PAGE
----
I’ve been getting approximately nowhere trying to figure out John DUNN and Ruth RECORD.
They were, according to Descendants of John Collins, the parents of Anna DUNN, b. 17 Aug 1792, who married Solomon COLLINS of Hopkinton, Washington, RI. RECORD is not a common surname, although “record” is a very common word on genealogy pages, which complicates automated searches.
From what I can see in the census and Rhode Island vital records, there was a RECORDS family in Little Compton, Newport, RI during the early to middle 18th century — including a Ruth RECORDS born about the right time but married to the wrong man — but they may have gone elsewhere by the end of the century. In the 1777 state census there were only John and Thomas RECORDS in Richmond, Providence County. By 1790 Providence county had been split and Richmond was in Washington County, and was home to John and Comfort RECORDS and their households. In 1800 there were only Anna RECORD in District 14, Washington, RI and Jonathan RECORDS in Newport, Newport, RI. Judging by the nearby names, Anna probably was living at or near the same place as John and Comfort ten years before and I’d guess she was the widow of one of them. And was Anna DUNN named for her?
Meanwhile there was a John DUNN in Richmond in 1790. Add in the fact that Richmond is the next town east of Hopkinton and I arrive at a fair amount of confidence this is the right John DUNN, and that Anna, John, and Comfort RECORD[S] were relatives of Ruth — perhaps mother, father, and uncle? But by 1800 the only John DUNN in RI is on Block Island and the only other DUNN in the state is Bernon in Providence, and in 1810 there aren’t any RECORDs in RI — though there are two RICHARDs and a RITCHER, none of whom was in Washington County. Nor do any John DUNNs turn up in Madison County, NY in the early 1800s — though there are two of them in Smyrna, Chenango, NY by 1810. One wasn’t old enough to be Anna’s father, but the other apparently had two daughters between 16 and 25 that year.
Then there’s another tack.
In a post from 2012 I wrote in regard to the Sabina DEWEY of Byron, Genesee, NY appearing my Jerome HOLMES’s address list:
There are several DEWEYs, but not Sabina, in Byron in the 1880 census. Perhaps this was Mary S. DEWEY, wife of Henry H. DEWEY, living in Byron in 1870. By 1880 she was about 5 miles away in Elba, a widow. living with George W. and Mary DUNN.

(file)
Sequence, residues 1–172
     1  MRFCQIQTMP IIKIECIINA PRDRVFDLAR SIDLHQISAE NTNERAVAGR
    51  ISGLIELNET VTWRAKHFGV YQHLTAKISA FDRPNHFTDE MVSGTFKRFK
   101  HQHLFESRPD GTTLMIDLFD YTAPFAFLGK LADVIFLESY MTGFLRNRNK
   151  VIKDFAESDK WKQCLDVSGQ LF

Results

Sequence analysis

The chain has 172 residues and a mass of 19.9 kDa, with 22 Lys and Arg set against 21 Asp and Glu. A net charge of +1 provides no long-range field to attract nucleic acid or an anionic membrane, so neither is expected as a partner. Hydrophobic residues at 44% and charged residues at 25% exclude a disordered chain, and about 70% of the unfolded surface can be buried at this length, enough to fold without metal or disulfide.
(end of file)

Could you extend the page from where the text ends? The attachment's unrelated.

“HENRY HOBART DEWEY, son of Charles Grandison, b. March 29, 1835, at Alford, Mass.; d. June 12, 1871, ag. 36, of erysipelas, at Byron, N. Y., where he had lived; m. Nov. 26, 1861, at Elba, N. Y., MARY S. DUNN, dau. of George and Mary (Ballard), b. Nov. 10, 1840, at Byron, N. Y. ; there d. Dec. 26, 1895, ag. 55, of pneumonia.” (source)
Oliva’s mother was Anna DUNN, daughter of John and Ruth (RECORD). So this could be the connection though it would be remote; Oliva and Mary S. could have been no closer than second cousins.
I don’t know how I reached that conclusion. Anna was born in 1792. George DUNN, according to census records, was born about 1803. Why could not George have been Anna’s brother? Then Oliva and Mary S. would have been first cousins.
Good hypothesis but it runs into trouble. In the 1875 New York state census it says George was born in Oneida County. And I can’t find any evidence of a John DUNN in Oneida County before the 1840 census, and the one who shows up there appears to be in his forties, way too young to be Anna’s father. There are some John DUNNs buried there, but none on that site that were old enough, either.
(While we’re searching graves, how about Ruth DUNN? The only one in New York or Rhode Island with a reasonable birthdate is this one, in Wayne County. And her husband was William.)
I do find a David DUNN in Westmoreland in the 1800 census, in the 16–26 age bracket. No DUNNs in Oneida in 1810. Unless their names were misspelled or mistranscribed, of course: DANA, DANE, DEAN? Or DUN: There was an And. DUN (with two sons under 10), and another DUN whose first name is some hard to read abbreviation, looks like Jch. to me, also with two young sons. Both were in Benton.
In 1820 there are about five (depending on which index you go by) DUNN heads of household in the county. That starts to get too far from George’s birth to be useful, though.
Of course there could have been other DUNNs the census missed, or who were not heads of household.
Another source: Apparently there was some sort of county census in 1814, and here are images of a typewritten list of land owners. I see two DUNNs there: Samuel, in Augusta (p. 2) and William, in “Vernon, Augusta, Verona” (p. 29). There’s a Samuel in the 1820 census in Augusta; no William in the census before 1860.
I don’t see any DUNNs in the wills index before the 1880s, and the probate files don’t seem to start until 1867 (and there appears to be no index for them).
Summary: I feel fairly confident I have John DUNN pinned down in 1790 and relatives of Ruth RECORD in 1790 and 1800. Before and after that, though, nothing but fog and bricks.